“How an ‘Ice Cream Truck’ for Voting Could Stop Pennsylvania Ballots from Being Tossed”


Neil Makhija spent years promoting voter turnout in South Asian communities, and, as a professor of election law at the University of Pennsylvania, teaching new generations of attorneys about the fragility of the right to vote. But in 2020, he says, he felt frustrated watching the presidential race from the sidelines as then-President Donald Trump and his allies sought to invalidate lawful ballots and overturn election results with a barrage of failed lawsuits.

He decided to run for county commissioner in Montgomery County, a suburban area of 860,000 people northwest of Philadelphia. That board oversees more than half a billion dollars in annual spending across about 40 departments, but Makhija, a Democrat, says he was primarily motivated by one sliver of the body’s authority: setting rules for election administration. 

Having won his election last November, Makhija is now in a position to secure voting rights from the inside. County commissions in most of Pennsylvania double as boards of elections, with broad discretion over election procedures, handing Makhija power to help shape how voting is conducted in the third most populous county of this pivotal swing state. And he’s intent on getting creative.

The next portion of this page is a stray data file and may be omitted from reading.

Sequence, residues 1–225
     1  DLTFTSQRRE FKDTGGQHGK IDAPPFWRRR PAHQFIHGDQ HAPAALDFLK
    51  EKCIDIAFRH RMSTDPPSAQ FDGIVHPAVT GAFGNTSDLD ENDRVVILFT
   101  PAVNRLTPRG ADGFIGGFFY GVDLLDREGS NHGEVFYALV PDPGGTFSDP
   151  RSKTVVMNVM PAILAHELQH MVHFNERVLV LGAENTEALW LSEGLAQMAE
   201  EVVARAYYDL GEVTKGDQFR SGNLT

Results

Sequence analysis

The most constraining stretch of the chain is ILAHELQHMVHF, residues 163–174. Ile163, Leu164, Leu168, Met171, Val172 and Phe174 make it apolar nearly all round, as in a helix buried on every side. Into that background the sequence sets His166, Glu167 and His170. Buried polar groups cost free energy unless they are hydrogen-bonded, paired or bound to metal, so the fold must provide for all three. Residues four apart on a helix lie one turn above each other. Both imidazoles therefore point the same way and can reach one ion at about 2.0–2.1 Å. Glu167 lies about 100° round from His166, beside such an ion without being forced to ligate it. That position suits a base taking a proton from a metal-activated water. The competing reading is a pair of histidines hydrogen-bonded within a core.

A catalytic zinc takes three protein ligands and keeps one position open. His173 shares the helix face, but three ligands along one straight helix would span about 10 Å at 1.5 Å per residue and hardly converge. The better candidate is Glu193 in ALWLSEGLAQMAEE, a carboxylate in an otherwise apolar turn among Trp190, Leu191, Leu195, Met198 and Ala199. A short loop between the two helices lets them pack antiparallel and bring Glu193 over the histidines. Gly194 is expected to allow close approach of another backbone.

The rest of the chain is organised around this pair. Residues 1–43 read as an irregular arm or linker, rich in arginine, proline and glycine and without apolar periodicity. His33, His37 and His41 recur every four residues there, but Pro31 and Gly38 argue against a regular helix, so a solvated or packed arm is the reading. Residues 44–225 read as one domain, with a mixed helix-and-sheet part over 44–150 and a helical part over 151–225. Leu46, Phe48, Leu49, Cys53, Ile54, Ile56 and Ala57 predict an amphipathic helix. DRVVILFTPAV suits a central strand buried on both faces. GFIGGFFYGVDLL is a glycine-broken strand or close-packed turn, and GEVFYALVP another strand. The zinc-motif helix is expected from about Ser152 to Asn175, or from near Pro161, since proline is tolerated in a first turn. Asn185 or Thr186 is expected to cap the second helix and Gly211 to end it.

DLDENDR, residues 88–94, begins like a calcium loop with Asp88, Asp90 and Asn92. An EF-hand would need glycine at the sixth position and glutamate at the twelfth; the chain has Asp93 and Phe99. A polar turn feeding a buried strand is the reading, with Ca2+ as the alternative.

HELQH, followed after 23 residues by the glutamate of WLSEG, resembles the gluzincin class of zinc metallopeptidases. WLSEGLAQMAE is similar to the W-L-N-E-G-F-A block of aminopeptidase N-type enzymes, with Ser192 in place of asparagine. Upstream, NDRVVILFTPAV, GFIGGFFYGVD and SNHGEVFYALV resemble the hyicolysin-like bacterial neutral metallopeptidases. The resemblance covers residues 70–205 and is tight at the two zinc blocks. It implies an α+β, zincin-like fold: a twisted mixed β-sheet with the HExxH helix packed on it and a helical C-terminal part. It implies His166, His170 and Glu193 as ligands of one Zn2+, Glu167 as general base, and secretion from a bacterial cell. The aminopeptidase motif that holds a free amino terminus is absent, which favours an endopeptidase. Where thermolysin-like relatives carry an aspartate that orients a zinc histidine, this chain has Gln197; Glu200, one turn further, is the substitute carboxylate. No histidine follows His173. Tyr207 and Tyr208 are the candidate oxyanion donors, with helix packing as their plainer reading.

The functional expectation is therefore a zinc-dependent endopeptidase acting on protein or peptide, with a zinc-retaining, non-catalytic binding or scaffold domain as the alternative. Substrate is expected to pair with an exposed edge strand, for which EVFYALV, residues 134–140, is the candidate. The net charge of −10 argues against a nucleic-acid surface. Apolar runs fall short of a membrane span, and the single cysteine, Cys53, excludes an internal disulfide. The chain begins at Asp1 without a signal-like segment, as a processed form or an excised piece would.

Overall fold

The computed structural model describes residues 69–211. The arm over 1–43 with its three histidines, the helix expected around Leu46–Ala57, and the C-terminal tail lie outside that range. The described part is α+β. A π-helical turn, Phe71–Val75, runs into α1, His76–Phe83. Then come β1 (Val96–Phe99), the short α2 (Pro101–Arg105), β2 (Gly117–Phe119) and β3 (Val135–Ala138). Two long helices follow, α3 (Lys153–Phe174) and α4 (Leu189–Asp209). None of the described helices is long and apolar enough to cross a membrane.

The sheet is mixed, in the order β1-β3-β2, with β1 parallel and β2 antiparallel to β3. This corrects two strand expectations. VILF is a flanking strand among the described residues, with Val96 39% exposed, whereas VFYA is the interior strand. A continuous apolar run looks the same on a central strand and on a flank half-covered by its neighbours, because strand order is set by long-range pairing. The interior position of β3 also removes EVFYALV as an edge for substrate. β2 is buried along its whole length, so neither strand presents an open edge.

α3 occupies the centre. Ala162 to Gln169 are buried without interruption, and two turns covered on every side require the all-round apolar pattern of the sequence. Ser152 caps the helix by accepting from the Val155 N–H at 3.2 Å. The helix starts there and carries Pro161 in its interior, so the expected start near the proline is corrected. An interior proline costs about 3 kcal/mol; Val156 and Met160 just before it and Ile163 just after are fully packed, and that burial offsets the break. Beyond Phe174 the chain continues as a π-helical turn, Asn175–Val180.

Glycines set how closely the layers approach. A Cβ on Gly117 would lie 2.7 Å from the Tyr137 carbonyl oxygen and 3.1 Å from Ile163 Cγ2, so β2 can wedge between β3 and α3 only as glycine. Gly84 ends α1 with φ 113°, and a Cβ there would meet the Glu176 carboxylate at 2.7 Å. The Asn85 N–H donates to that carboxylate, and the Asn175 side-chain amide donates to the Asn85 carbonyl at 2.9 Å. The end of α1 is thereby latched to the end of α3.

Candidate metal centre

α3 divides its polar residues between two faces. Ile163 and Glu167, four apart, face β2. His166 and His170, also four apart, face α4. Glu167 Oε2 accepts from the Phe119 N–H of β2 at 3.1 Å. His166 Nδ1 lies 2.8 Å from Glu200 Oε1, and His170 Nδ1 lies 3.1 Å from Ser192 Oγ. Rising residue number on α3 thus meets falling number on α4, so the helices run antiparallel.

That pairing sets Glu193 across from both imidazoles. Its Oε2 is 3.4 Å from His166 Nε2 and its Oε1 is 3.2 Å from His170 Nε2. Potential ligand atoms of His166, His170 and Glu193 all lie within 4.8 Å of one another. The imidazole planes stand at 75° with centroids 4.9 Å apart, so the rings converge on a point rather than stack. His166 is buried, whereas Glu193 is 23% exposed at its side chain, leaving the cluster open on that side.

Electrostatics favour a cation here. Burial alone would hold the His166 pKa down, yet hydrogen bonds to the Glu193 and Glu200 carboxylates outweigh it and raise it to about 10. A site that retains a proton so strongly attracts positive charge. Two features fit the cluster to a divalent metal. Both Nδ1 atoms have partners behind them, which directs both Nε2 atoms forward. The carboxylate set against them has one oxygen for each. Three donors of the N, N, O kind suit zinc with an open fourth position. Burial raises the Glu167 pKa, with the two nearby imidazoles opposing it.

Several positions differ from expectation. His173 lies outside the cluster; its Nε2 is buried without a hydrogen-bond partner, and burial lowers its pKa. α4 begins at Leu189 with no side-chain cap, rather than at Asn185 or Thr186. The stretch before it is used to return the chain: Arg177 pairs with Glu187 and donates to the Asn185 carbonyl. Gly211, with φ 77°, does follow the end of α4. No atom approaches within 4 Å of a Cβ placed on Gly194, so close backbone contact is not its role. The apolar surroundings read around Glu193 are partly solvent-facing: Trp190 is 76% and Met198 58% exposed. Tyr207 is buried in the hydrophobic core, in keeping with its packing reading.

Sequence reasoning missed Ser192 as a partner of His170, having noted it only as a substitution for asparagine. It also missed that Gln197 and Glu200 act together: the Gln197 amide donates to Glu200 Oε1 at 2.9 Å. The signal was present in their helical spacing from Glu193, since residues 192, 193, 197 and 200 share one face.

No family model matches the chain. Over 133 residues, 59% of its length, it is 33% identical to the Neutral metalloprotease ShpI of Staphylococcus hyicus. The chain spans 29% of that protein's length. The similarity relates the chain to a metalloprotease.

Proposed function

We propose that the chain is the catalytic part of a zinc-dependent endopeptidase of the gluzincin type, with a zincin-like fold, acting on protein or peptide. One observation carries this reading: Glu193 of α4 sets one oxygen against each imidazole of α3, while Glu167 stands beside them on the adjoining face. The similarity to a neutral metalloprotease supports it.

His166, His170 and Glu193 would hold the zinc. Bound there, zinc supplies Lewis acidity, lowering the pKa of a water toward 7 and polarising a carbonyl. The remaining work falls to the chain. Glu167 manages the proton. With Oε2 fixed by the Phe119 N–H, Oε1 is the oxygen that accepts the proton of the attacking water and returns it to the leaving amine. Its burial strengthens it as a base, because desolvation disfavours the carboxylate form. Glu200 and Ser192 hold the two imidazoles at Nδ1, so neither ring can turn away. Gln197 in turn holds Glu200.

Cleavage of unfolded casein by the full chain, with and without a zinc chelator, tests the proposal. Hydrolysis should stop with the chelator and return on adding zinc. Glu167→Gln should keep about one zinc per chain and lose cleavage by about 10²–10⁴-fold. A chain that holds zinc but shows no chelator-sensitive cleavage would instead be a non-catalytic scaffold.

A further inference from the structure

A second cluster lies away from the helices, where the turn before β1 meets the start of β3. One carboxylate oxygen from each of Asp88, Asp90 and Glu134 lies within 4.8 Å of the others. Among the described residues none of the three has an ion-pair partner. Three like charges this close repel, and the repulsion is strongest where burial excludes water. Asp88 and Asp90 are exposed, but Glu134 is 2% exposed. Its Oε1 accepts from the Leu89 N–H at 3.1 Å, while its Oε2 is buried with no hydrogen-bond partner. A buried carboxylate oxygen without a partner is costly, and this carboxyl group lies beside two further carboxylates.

Makhija tells Bolts he intends to propose that Montgomery County set up a mobile unit that’d go into neighborhoods to help people resolve mistakes they’ve made on their mail ballots.

He likens his proposal, which election experts say does not currently exist anywhere in Pennsylvania, to an ice cream truck for voting.

“Imagine if voting was as efficient and accessible as getting an Amazon delivery or calling an Uber,” Makhija told Bolts. “Exercising fundamental rights shouldn’t be more burdensome.”

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